Skip to main content

H.A. Hellyer is a senior non-resident fellow at the Atlantic Council in Washington, the Royal United Services Institute in London, and visiting professor at the Centre for Advanced Studies on Islam, Science and Civilization.

"Save me the sanctimonious talk about hate & violence. These men came to Charlottesville to say that they won't be denied their rights & future."

If the above statement sounds odd, it is. It certainly wouldn't be the first thing that might spring to my mind. But it is the genuine articulation of a far-right extremist who used to be an "Imperial Wizard" of the Ku Klux Klan. In his world, whites are the victims in America; the rise of the far-right (euphemistically called the "alt-right") is a part of their "White Spring"; and Charlottesville is their Tahrir (Liberation) Square.

It's an interesting frame of mind. And one that deserves careful examination.

I'm white. My father is a Caucasian, blond, blue-eyed man from the south of England, and generally speaking, I can, should I so choose, pass for white in most parts of continental and southern Europe.

But I am also not just white. My mother was a "person of colour" – she never would have used the term herself, because as an Arab of Egyptian, Sudanese and Moroccan stock, it wasn't really relevant to her in her own cultural context.

As a youngster, the first time I consciously encountered race was through the prism of anti-racism – my father was a senior member of the anti-apartheid movement in the U.K., and the anti-apartheid movement left an indelible effect upon me in my childhood.

So, as I look at the scenes coming from Charlottesville, there are resonations of different types. After all – these white nationalists are, ostensibly, marching for the "rights" of my father, and I suppose, myself? And the people marching against them are marching for, I suppose, the rights of my mother, and … myself?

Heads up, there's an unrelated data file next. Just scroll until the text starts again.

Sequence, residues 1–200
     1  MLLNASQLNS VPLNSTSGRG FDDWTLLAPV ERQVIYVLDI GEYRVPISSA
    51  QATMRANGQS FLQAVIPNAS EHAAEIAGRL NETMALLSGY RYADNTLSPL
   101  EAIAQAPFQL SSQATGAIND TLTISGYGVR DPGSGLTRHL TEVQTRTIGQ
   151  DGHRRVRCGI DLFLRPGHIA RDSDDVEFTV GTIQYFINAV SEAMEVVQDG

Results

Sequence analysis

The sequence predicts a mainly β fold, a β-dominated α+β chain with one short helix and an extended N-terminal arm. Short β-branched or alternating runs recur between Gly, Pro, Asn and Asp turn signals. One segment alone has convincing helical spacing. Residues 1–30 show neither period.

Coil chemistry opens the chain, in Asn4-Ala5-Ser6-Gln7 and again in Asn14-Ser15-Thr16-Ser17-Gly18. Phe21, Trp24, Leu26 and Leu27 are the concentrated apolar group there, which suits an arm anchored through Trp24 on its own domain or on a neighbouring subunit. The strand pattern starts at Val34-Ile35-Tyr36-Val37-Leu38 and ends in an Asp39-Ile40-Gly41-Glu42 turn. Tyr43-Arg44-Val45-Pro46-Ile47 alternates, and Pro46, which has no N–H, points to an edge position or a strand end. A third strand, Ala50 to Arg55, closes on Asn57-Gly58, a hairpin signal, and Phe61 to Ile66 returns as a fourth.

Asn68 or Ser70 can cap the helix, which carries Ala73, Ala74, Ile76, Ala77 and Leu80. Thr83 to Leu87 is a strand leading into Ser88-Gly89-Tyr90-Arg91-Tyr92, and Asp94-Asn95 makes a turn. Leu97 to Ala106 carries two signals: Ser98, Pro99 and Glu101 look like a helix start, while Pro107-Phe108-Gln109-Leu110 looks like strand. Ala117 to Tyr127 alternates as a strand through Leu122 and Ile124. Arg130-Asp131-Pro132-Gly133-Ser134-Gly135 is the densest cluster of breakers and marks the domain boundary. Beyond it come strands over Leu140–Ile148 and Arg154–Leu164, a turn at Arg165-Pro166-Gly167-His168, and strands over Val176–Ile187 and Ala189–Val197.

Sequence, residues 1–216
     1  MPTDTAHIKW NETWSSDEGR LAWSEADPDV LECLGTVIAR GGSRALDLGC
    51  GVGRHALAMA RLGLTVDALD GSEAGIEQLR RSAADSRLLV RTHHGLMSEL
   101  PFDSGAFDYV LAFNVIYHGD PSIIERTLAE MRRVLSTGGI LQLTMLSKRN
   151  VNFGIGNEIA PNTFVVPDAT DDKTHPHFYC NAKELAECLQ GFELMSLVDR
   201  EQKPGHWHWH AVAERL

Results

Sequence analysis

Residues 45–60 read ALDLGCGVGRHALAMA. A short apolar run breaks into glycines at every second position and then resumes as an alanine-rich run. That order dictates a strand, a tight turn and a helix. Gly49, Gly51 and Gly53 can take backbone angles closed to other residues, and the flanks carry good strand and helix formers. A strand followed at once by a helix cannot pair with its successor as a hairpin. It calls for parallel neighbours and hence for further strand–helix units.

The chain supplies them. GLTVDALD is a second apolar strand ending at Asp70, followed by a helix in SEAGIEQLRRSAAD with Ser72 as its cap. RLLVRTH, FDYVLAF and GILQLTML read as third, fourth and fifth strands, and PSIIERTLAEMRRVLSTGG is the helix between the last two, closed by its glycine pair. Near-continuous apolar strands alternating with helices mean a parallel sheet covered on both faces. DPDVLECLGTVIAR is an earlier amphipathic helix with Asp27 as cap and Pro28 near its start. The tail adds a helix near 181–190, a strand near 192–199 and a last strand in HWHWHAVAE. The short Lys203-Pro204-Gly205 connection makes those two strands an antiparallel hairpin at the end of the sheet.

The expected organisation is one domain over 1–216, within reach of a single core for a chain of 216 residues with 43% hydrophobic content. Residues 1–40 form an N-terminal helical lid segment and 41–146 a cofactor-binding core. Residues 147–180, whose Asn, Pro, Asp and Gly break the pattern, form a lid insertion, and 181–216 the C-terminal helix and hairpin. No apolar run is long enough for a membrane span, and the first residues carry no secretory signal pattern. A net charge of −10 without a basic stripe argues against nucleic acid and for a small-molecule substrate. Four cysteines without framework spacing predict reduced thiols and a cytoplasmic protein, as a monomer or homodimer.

It seems tempting for some people, it seems, to look at Charlottesville in that kind of purposely befuddled and confused manner. Certainly, the President of the United States, Donald Trump, seems to want to do precisely that, albeit in a different way. He must know that it is utterly unconscionable that a group of white supremacists are marching in Virginia, and thus he must somehow censure them. But he also knows – and the aforementioned former "Imperial Wizard" reminds us all of this fact – that same group voted for him.

And why did they vote for him? Because this alt-Reich saw a Trump presidency as the best way for them to pursue their goals. That's the reality, which is probably why a Trump White House can be counted on to give only lukewarm, pseudo-neutral criticisms of the Charlottesville march. He knows that is a big part of his base on the move.

Mr. Trump's supporters will try to explain the couching of his language in a kind of sensitivity, where we are called upon to show empathy toward white Americans as victims of some sort. It's a bizarre, but also dangerous proposition. It turns history on its head, and discrimination becomes a false notion altogether because it loses any real meaning.

The reality is that in the United States, there are certainly white people who suffer for a broad variety of reasons. But the United States is not a country built somehow on antipathy against whites. It is preposterous to even have to write that sentence – but with such revisionist history being promoted, so as to allow for this strange universe where people have to demand that whites won't be denied their rights and futures, it seems necessary to be utterly clear.

The United States was built on the back of the notion that the white male was the most worthy; in terms of political power, material wealth, language and so forth. Generations of struggle by the civil rights movement pushed back against that, but make no mistake – the norms established are still fundamentally slanted, biased and skewed toward white, rich, men. That is where the power lies – and success in American society has hitherto, in large part, depended on approximating that norm as much as possible.

I'm writing these words from Cape Town in South Africa – and even in post-apartheid South Africa, the effects of white-established apartheid are still evident. That is in a country where the overwhelming majority of inhabitants are, and always have been, people of colour. In the United States, the overwhelming majority of the elite, whether political or economic, is still white and male.

Whether these marchers in Charlottesville recognize it or not, they still benefit, tremendously, from the colour of their skin, in comparison to any other group in the United States. White nationalists aren't victims fighting against oppression of their race – they're deluded misanthropes, oblivious of the privileges they continue to enjoy. I shan't make grandiose statements about whether that is "American" or not – but certainly history doesn't record whites in America as being victims. If anything, on the contrary.

Interact with The Globe